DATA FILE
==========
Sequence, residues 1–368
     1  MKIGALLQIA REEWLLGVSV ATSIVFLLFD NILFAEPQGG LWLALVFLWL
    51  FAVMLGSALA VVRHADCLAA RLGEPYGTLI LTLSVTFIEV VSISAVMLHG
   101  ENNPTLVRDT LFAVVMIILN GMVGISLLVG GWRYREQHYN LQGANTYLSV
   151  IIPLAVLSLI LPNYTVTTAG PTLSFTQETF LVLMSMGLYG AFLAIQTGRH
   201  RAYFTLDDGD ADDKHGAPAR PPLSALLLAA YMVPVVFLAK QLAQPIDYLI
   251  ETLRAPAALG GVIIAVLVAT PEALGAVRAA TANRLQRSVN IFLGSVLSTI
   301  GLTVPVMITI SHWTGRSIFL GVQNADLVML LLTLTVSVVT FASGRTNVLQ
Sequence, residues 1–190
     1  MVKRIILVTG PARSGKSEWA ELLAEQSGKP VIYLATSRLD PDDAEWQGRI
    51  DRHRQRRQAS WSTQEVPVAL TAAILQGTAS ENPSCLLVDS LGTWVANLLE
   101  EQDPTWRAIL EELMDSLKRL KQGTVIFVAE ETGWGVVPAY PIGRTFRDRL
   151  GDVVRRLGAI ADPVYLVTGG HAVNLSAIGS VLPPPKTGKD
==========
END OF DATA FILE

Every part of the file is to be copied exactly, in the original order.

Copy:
Sequence, residues 1–368
     1  MKIGALLQIA REEWLLGVSV ATSIVFLLFD NILFAEPQGG LWLALVFLWL
    51  FAVMLGSALA VVRHADCLAA RLGEPYGTLI LTLSVTFIEV VSISAVMLHG
   101  ENNPTLVRDT LFAVVMIILN GMVGISLLVG GWRYREQHYN LQGANTYLSV
   151  IIPLAVLSLI LPNYTVTTAG PTLSFTQETF LVLMSMGLYG AFLAIQTGRH
   201  RAYFTLDDGD ADDKHGAPAR PPLSALLLAA YMVPVVFLAK QLAQPIDYLI
   251  ETLRAPAALG GVIIAVLVAT PEALGAVRAA TANRLQRSVN IFLGSVLSTI
   301  GLTVPVMITI SHWTGRSIFL GVQNADLVML LLTLTVSVVT FASGRTNVLQ
Sequence, residues 1–190
     1  MVKRIILVTG PARSGKSEWA ELLAEQSGKP VIYLATSRLD PDDAEWQGRI
    51  DRHRQRRQAS WSTQEVPVAL TAAILQGTAS ENPSCLLVDS LGTWVANLLE
   101  EQDPTWRAIL EELMDSLKRL KQGTVIFVAE ETGWGVVPAY PIGRTFRDRL
   151  GDVVRRLGAI ADPVYLVTGG HAVNLSAIGS VLPPPKTGKD